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In two consolidated land-use matters the Supreme Judicial Court vacated an order entered by the superior court denying a motion for contempt filed by several individuals (the individuals) against the Town of Arundel and others and granting the Town's motion for sanctions in the form of a vexatious litigant order (VLO), holding that the individuals were not properly before the court. The Town filed two complaints against Dubois Livestock, Inc. and Cynthia Dubois (collectively, the Dubois entities) alleging land-use laws violations. The parties agreed to a consent order resolving the issues. One year later, the individuals, who were not parties in the underlying case, filed a motion seeking a contempt order against the Town, the Arundel Planning Board (APB), and individual members of the APB, asserting that they had violated the consent order. The Town moved for sanctions in the form of a VLO against the individuals and the Dubois entities. The superior court denied the motion for contempt and entered a VLO against the individuals. The Supreme Judicial Court vacated the judgment below, holding (1) the individuals had no standing to file the motion for contempt; and (2) because the individuals were earlier dismissed as parties to this appeal, the VLO must be vacated as well. View "Town of Arundel v. Dubois Livestock, Inc." on Justia Law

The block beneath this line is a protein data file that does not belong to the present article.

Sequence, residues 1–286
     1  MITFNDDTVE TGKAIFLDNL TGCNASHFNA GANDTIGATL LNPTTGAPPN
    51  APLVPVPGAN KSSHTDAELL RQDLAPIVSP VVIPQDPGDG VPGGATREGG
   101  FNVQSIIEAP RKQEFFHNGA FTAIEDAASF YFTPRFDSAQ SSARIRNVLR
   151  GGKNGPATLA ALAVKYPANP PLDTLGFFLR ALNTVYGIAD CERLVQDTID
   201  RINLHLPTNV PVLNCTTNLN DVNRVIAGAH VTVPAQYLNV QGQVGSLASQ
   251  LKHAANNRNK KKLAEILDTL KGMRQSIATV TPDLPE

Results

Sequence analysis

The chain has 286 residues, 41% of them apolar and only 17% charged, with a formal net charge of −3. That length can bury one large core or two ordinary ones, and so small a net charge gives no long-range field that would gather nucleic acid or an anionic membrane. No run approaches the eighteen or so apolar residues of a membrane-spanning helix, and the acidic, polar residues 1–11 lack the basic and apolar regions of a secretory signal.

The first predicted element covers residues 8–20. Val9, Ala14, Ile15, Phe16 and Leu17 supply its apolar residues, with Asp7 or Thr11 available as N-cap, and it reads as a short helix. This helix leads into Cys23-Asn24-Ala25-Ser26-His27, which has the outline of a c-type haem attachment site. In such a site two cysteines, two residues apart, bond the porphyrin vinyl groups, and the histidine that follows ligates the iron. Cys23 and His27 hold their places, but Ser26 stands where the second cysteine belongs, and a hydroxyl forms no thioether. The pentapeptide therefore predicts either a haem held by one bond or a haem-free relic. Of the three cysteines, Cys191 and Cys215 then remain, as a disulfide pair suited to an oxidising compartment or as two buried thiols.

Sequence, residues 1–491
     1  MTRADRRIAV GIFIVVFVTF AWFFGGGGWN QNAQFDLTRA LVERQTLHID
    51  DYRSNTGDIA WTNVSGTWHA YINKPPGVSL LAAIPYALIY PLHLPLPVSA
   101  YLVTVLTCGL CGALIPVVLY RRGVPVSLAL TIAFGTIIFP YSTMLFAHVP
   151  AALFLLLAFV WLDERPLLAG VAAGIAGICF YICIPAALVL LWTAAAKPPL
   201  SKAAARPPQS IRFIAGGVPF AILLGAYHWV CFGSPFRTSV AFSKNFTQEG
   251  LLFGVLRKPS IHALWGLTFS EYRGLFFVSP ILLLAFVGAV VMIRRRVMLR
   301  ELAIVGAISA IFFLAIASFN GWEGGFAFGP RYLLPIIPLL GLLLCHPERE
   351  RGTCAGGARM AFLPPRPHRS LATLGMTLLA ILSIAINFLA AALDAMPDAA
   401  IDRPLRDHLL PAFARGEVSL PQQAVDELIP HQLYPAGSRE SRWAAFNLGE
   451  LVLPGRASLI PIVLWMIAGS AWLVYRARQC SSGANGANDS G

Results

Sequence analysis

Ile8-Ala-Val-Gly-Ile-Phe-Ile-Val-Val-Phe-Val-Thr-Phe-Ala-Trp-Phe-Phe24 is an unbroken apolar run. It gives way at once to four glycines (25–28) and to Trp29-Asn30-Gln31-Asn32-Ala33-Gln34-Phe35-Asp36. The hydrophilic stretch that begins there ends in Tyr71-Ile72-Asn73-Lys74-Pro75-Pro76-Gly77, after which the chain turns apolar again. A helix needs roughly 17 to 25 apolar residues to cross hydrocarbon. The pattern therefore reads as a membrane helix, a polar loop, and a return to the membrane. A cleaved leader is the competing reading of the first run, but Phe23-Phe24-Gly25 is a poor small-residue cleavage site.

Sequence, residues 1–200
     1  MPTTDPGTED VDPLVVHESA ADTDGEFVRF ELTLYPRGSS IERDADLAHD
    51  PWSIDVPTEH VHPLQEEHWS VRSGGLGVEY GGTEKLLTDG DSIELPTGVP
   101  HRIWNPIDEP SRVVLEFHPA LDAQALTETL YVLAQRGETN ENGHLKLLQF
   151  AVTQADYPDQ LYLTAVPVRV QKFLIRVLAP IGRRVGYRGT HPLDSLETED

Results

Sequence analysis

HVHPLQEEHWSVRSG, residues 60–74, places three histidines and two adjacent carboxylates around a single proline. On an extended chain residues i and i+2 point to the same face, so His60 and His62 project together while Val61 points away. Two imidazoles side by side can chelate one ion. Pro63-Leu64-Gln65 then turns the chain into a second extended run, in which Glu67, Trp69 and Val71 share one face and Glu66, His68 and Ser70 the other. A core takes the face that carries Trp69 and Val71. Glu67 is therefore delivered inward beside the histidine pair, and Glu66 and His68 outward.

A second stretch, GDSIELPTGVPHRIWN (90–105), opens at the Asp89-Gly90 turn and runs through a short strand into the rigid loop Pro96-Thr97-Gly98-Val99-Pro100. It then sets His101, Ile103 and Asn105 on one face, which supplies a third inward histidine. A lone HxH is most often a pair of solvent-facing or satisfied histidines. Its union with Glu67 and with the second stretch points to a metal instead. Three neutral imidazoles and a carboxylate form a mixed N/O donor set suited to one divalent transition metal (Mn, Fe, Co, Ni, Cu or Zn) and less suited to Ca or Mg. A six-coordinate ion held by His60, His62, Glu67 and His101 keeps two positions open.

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Defendant David Vincelette appealed a the Superior Court decision finding that he committed criminal contempt by violating a January 2016 trial court order that prohibited him from interfering with the Town of Hanover’s efforts to remove debris from a right of way and Town-owned nature preserve. The Town-owned nature preserve was accessed by a deeded right of way that crossed land where defendant resided. In May 2015, the trial court found that the defendant had “placed numerous objects,” including wood pallets, abandoned vehicles, boats, and appliances on the nature preserve and on the right of way such that the right of way was “narrow[ed] . . . to such a width that it is difficult for a vehicle to access the [T]own’s property.” Defendant argued “[t]he court erred by finding that the State presented sufficient evidence that [he] intentionally violated the court’s order.” Finding no reversible error, the New Hampshire Supreme Court affirmed. View "New Hampshire v. Vincelette" on Justia Law